PLARC Advocacy Teams
UTD is the only school in Texas to field teams in all three major undergraduate legal advocacy competitions:
Moot Court (PSCI 4v67) is an exercise in appellate advocacy, and is modeled after the appellate procedure employed in state and federal courts. Students are given a hypothetical case and about 20-25 actual precedents with which to construct both petitioner and respondent oral arguments on a Constitutional Law topic to present to the Supreme Court of the United States. Students take a class to develop, practice and refine oral arguments for tournament competition.
Advocates will argue before a panel of judges (typically law professors, actual judges, or other students) and present their positions on a Constitutional Law issue. As with real appellate courts, judges on the panel may interrupt the advocate to ask questions about the facts of the case, precedent for or against the advocate's position, or greater policy issues that may arise from any potential rulings. Students learn to anticipate difficult questions about their positions and respond intelligently and persuasively. Moot Court is an excellent opportunity to develop research and analytical skills necessary for success in law school.
UTD Moot Court has been very successful both regionally and nationally. To participate on the team, students must be enrolled in the class, which is designed to run for an entire academic year, and has a limit of eight. Instructor permission is required to enroll, with the strong preference that the student have taken Constitutional Law or an equivalent class beforehand. Students interested in enrolling in Moot Court should contact the coach, Anne Dutia.
Mock Trial (PSCI 4366) is a competition designed to simulate trial-level advocacy. Students are given a hypothetical case in the form of a 150-page packet with affidavits, evidence, case law and legal documents. Teams of six (three attorneys and three witnesses) compete against teams from other schools in rounds that are judged by practicing attorneys and law students. Rounds consist of opening statements, direct- and cross-examinations of witnesses, and closing arguments. Attorneys are judged on their ability to argue for inclusion or exclusion of testimony according to the Rules of Evidence, their advocacy skills, and their ability to think on their feet. Witnesses are judged on their knowledge of the fact pattern, and their ability to develop a consistent, credible characterization. Pre-law students develop the analytical and presentational skills necessary for success in law school and careers in litigation. Students interested in careers other than law benefit from enhanced public speaking skills and the ability to think strategically.
Although UTD Mock Trial is a relatively young program, having been founded in the fall of 2006, it has enjoyed considerable success and has established itself as one of the premier programs in Texas. The program is not limited to pre-law students, and students with an interest in theater are especially welcome. Although some students enter the program with experience in high school mock trial, debate or similar activities, the program is structured so that no such experience is necessary. There are no specific academic prerequisites for participation in the program, although permission of the instructor/coach is required.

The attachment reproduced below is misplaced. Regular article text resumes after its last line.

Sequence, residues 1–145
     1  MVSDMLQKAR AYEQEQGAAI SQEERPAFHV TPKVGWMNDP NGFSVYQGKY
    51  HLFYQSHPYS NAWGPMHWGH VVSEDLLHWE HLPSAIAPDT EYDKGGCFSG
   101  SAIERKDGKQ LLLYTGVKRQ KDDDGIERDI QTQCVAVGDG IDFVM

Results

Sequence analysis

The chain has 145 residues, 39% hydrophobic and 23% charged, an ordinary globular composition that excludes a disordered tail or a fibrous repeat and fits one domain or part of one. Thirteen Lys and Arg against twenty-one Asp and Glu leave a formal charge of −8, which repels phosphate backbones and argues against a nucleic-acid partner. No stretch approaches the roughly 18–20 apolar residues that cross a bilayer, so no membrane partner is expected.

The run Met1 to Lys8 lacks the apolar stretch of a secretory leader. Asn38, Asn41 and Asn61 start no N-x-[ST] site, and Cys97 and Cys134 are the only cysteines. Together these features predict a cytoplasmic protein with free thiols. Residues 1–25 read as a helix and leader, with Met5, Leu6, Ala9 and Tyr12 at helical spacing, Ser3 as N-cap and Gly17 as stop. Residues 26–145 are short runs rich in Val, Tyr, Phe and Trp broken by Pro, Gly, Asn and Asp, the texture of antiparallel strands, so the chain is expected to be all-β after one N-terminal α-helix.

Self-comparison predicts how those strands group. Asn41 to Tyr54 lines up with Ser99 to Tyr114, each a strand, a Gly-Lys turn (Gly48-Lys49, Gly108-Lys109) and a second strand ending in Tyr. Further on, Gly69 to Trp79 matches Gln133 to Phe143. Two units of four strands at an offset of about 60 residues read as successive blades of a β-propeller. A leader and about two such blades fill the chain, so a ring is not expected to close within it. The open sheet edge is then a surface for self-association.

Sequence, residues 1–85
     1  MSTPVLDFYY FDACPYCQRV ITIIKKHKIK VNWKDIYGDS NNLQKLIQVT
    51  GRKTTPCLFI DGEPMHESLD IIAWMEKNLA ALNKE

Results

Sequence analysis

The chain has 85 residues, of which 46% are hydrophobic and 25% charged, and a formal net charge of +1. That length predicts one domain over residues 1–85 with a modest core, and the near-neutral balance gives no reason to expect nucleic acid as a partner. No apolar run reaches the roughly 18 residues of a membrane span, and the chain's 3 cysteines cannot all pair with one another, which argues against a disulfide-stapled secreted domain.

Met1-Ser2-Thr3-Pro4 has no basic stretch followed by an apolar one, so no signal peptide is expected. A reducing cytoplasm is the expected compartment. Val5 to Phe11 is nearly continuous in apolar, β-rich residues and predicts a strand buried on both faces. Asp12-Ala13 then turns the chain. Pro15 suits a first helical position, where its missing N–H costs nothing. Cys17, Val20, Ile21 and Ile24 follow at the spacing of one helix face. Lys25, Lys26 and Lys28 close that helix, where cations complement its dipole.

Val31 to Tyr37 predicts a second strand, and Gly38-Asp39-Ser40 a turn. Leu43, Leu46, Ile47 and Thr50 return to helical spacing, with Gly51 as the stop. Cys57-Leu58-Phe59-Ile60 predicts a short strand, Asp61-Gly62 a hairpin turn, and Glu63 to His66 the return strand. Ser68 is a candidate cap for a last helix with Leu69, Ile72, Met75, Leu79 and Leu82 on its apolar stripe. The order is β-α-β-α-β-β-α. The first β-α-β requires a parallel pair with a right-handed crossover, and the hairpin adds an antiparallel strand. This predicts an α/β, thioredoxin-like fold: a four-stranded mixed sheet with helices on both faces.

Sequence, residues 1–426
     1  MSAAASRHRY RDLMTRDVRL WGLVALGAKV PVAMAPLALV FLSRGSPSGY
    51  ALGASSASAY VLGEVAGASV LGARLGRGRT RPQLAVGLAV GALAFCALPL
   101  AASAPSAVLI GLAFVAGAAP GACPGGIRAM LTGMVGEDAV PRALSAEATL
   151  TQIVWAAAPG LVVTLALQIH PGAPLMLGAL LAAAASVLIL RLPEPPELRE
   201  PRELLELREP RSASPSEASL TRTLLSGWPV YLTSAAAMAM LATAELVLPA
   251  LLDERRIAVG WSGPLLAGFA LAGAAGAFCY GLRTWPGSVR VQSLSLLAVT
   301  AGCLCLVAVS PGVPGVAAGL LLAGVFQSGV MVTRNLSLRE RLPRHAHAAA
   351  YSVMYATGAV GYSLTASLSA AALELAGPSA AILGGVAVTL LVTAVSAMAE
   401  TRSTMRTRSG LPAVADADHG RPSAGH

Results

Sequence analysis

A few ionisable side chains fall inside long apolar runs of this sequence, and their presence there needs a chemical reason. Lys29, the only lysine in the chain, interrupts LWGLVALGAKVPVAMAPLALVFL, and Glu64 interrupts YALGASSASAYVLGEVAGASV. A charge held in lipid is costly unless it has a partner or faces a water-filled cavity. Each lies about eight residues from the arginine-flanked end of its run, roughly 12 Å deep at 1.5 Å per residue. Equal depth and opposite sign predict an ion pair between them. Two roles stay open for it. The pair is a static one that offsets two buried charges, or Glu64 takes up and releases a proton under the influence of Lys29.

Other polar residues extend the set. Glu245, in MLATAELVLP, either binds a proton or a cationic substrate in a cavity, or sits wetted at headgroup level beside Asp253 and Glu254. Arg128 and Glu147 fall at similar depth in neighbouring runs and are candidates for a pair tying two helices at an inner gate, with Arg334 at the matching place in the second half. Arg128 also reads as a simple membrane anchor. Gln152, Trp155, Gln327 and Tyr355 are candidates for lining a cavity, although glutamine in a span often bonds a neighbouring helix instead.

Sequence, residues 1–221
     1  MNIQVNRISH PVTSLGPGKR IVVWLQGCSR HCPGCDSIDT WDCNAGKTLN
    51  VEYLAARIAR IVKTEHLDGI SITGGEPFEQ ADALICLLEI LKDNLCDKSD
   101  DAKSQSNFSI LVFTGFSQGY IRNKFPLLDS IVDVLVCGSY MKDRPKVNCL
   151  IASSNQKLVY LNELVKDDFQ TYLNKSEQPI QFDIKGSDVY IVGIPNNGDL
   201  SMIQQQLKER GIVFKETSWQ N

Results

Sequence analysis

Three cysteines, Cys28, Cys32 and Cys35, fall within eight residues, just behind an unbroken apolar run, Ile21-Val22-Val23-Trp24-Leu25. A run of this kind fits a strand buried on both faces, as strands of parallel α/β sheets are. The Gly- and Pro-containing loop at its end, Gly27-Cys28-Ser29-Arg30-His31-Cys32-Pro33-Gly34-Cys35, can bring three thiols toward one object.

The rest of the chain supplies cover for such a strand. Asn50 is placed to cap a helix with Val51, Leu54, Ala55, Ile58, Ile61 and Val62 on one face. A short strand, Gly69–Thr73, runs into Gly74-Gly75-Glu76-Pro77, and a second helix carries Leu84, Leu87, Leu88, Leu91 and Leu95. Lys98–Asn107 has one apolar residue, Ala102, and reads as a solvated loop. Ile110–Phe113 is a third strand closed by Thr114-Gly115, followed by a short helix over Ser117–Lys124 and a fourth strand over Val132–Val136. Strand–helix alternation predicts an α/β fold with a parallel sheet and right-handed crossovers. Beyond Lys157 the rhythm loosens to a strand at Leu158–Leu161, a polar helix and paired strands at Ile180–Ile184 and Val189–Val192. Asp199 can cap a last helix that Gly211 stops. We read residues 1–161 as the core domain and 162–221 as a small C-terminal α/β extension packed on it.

Mock Trial meets on Wednesday nights from 7:00 to 10:00. Additionally each of the individual teams meets for two hours per week. Students should be prepared to participate in 4-6 weekend tournaments over the course of the academic year. Mock Trial is offered for credit in the spring semester only, but participation in the program in the fall is required for enrollment in the course in the spring. In the fall, 21-24 students will audition, over the course of the semester, for 14-16 spots on the spring teams. Students interested in participating in the program should contact the coach, Tony Seagroves.
Mediation is the newest of the three nationwide pre-law competitive programs, and UTD has participated in tournaments since almost the very beginning. The competition was established to recognize the increasing importance of alternative dispute resolution within the modern practice of law. Teams of three students each compete against teams from other schools in both the advocate/client division and the mediation division, with each student acting as a mediator, an advocate, and a client over the course of a tournament. Rounds, which are typically judged by practicing attorneys and professional mediators, are designed to simulate settlement conferences. Advocates and clients are judged on the effectiveness with which they argue their positions, as well as their flexibility during the negotiation process, while mediators are judged on their active listening skills, creativity, and ability to facilitate settlement. In all contexts, improvisational ability and adaptive skills are necessary for success.
UTD Mediation is one of the premier programs in the nation, having won the national championship in the advocate/client division three times and having three different students win the individual award for top mediator. UTD sends three teams to the national tournament each year in early November. Since space on the traveling teams is limited to nine students, tryouts are held in mid- to late-September in the form of an instructional session followed by a tournament with teams from other north Texas schools. The program is open to any student with an interest in alternative dispute resolution and is not limited to pre-law students. There are no specific academic prerequisites. Students interested in participating in the program should contact the coach, Tony Seagroves, no later than the end of August.